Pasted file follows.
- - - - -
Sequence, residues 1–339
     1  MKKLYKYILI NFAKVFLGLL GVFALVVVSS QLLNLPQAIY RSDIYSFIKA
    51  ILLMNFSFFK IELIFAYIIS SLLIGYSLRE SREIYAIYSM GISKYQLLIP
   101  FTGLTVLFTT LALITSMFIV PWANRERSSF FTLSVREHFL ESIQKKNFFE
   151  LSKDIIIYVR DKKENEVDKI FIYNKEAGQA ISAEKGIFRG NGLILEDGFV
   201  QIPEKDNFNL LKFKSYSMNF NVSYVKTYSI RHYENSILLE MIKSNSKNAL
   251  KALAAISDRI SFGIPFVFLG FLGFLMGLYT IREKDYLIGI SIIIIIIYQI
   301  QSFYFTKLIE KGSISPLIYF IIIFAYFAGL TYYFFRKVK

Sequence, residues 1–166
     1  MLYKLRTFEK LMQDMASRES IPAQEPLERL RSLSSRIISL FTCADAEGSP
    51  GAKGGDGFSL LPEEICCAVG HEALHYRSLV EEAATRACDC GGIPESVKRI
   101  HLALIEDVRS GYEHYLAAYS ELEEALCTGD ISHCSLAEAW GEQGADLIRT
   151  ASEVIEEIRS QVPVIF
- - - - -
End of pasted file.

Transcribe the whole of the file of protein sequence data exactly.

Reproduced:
Sequence, residues 1–339
     1  MKKLYKYILI NFAKVFLGLL GVFALVVVSS QLLNLPQAIY RSDIYSFIKA
    51  ILLMNFSFFK IELIFAYIIS SLLIGYSLRE SREIYAIYSM GISKYQLLIP
   101  FTGLTVLFTT LALITSMFIV PWANRERSSF FTLSVREHFL ESIQKKNFFE
   151  LSKDIIIYVR DKKENEVDKI FIYNKEAGQA ISAEKGIFRG NGLILEDGFV
   201  QIPEKDNFNL LKFKSYSMNF NVSYVKTYSI RHYENSILLE MIKSNSKNAL
   251  KALAAISDRI SFGIPFVFLG FLGFLMGLYT IREKDYLIGI SIIIIIIYQI
   301  QSFYFTKLIE KGSISPLIYF IIIFAYFAGL TYYFFRKVK

Sequence, residues 1–166
     1  MLYKLRTFEK LMQDMASRES IPAQEPLERL RSLSSRIISL FTCADAEGSP
    51  GAKGGDGFSL LPEEICCAVG HEALHYRSLV EEAATRACDC GGIPESVKRI
   101  HLALIEDVRS GYEHYLAAYS ELEEALCTGD ISHCSLAEAW GEQGADLIRT
   151  ASEVIEEIRS QVPVIF